How One Joke Can Ruin Your Life

Photo by Matthias Wagner on Unsplash

I had originally put the topic of this blog post down as “In defense of all jokes”. This was actually a topic I had kept on the doc since the older days of Astuka’s Blog (and so, in a way, this serves as a throwback to last week’s article). Of course, as we’ve already addressed, my opinions have changed a lot since that time… and so, do I still believe it’s reasonable to defend all jokes?

I’ll start off with my original thesis for the article. It is true that there are offensive jokes, and it is true that there are jokes that can sometimes be mistimed (i.e. “too soon”) or otherwise poorly conceived. However, my idea was that we should be judging exclusively the quality of that joke rather than extrapolating it to judge the character of the person telling it or their intentions. If a joke is bad, leave it as a joke is bad, rather than trying to dig up more out of it. Take in mind this thesis came out at a time where the “big comedy scare” was occuring; comedians seemed to be getting banned from college campuses en-masse, and many prominent comedians (most famously Ricky Gervais) were speaking out against this.

A few weeks from now I intend to write an article in full about what I call “The Shame Economy”, and I think this whole comedy scare plays a lot into that. When someone makes a bad joke, it’s very easy to change the narrative and harvest shame off of them, exiling them back to some dark corner of the internet. This was the main idea of the TED Talk by Jon Ronson, where all of our key elements seem to be in place: we have an individual who makes and offensive + poorly conceived joke, who is then set on by a group of irrational actors who extrapolate the joke to the character, and then harvest shame, and then cause a groupthink incident to occur where the woman gets much more punishment than any of us really think she ought to deserve, including a full dox as well as a constant bombardment of realistic death threats.

To me there’s two key aspects that play a role here: the audience of the joke and the actions of the individual pre- and post-joke. Starting with the first, it’s much harder to send out an offensive joke of social media, where a variety of irrational actors are scouring the feeds looking to gain a share of the Shame Economy. So, if one really did want to take a joke like this, it makes more sense to due it in a deep friend circle or otherwise with people you could trust would take the joke well. This is similar to what I do personally, telling different “tiers” of jokes based on my knowledge and relationship with the person. Secondly, I think the way the person is perceived by others before the joke makes a big difference. I think Ricky Gervais is in a much more advantaged position to make an offensively bad joke than Justine Sacco, as Gervais’ whole schtick is making jokes like these whereas Sacco was a relative no-name who hadn’t particularly done anything like this before. Similarly, I think content in post means a lot as well. Silence is probably the worst scenario in such a case, as prevailing silence from the person allows one to continue to develop false assumptions. Apologizing does work, but has a fairly low success record (that is, specifically on social media; it does have a fairly high success rate in normal conversation), and another option I like to call “Calling it out” where you make it very clear that the irrational actors are acting irrationally and that “it’s just a joke” (this is similar to something Ricky Gervais would use) actually does work fairly well in social media environments but still doesn’t have a perfect success rate (Of course, Sacco specifically wasn’t given too much of an option since the groupthink incident regarding her literally happened overnight as she slept).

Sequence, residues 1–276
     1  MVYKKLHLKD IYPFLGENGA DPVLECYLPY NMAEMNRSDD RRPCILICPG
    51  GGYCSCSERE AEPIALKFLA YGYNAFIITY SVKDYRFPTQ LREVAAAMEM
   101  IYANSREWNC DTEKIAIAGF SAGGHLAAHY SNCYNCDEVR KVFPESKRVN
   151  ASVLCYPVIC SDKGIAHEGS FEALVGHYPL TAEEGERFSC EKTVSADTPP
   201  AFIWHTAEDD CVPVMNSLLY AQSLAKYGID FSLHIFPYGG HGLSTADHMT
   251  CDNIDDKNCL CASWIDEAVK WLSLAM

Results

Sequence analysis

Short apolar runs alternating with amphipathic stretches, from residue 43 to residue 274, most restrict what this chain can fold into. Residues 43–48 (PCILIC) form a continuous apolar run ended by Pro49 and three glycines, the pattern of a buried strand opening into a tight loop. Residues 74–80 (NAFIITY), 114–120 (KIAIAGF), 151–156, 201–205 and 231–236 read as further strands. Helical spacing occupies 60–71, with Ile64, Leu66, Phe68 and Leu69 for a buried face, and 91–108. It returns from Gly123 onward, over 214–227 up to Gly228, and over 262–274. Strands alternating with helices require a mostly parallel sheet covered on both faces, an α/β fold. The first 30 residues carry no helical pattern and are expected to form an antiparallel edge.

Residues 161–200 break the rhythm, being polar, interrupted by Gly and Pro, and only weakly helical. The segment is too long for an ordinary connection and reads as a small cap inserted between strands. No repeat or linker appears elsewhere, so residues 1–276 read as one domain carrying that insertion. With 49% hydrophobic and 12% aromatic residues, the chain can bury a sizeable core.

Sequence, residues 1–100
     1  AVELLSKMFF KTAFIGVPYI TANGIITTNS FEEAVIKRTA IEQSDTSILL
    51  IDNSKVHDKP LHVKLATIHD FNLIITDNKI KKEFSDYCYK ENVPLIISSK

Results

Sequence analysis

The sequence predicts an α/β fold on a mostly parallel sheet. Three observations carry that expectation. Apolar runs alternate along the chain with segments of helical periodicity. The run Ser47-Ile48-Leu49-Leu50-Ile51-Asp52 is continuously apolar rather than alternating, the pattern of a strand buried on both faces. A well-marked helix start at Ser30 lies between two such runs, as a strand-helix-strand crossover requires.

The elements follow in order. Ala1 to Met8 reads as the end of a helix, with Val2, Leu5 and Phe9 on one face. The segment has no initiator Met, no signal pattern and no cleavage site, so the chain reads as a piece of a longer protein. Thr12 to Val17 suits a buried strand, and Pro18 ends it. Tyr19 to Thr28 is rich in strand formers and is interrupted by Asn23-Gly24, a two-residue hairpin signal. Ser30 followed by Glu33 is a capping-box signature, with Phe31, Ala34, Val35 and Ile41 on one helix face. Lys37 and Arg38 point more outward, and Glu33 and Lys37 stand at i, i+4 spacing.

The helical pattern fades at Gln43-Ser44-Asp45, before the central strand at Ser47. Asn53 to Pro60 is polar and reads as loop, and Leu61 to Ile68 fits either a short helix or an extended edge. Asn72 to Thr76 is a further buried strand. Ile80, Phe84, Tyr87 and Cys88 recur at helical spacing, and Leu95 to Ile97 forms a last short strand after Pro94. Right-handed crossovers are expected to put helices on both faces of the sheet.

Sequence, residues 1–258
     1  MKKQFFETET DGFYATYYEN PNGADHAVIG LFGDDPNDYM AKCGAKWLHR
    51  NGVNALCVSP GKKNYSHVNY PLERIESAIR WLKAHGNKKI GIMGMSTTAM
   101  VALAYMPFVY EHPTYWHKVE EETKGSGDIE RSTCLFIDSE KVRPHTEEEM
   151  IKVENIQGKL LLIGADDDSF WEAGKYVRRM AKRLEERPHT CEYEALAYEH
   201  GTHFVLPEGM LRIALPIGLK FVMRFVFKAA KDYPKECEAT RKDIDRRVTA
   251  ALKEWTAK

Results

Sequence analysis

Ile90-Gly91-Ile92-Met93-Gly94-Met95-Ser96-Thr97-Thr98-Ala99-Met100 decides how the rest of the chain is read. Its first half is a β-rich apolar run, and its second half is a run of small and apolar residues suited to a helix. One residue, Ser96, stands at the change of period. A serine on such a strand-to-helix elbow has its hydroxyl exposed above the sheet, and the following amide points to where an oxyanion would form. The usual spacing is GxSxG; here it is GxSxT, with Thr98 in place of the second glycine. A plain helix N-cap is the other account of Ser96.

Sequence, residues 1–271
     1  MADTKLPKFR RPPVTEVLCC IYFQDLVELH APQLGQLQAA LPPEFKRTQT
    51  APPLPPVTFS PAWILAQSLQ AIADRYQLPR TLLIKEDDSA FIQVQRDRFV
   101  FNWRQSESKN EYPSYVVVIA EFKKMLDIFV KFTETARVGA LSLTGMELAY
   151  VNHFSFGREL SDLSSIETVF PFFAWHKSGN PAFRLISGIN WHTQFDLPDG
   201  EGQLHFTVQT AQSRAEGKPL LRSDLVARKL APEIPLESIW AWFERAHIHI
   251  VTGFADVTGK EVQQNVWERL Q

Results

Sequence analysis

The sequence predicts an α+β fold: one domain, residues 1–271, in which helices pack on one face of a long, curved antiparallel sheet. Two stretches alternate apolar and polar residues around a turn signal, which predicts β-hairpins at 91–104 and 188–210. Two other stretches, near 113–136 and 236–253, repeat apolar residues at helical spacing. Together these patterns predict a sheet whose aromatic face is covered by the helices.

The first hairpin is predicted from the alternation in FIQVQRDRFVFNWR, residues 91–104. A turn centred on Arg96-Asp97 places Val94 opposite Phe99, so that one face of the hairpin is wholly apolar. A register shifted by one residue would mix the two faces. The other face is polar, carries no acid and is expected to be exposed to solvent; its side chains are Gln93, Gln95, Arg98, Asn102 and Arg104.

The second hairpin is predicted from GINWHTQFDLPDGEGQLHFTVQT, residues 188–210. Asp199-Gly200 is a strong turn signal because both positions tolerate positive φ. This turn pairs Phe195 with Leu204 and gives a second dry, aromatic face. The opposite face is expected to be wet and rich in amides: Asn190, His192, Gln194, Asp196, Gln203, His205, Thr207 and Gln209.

So, going back to the main point of the article, I do think in the wide majority of cases jokes can still be defended, although I think individuals making these jokes should still keep in mind those two key aspects. There are certainly fringe cases where offensive jokes are the tells of more malicious behavior (e.g. a joke about jews told by a white supremacist) but not only are these cases much rarer but I also think it’s much easier to tell malicious intent in an open scenario (one could also take in mind here previous actions before the joke was told).


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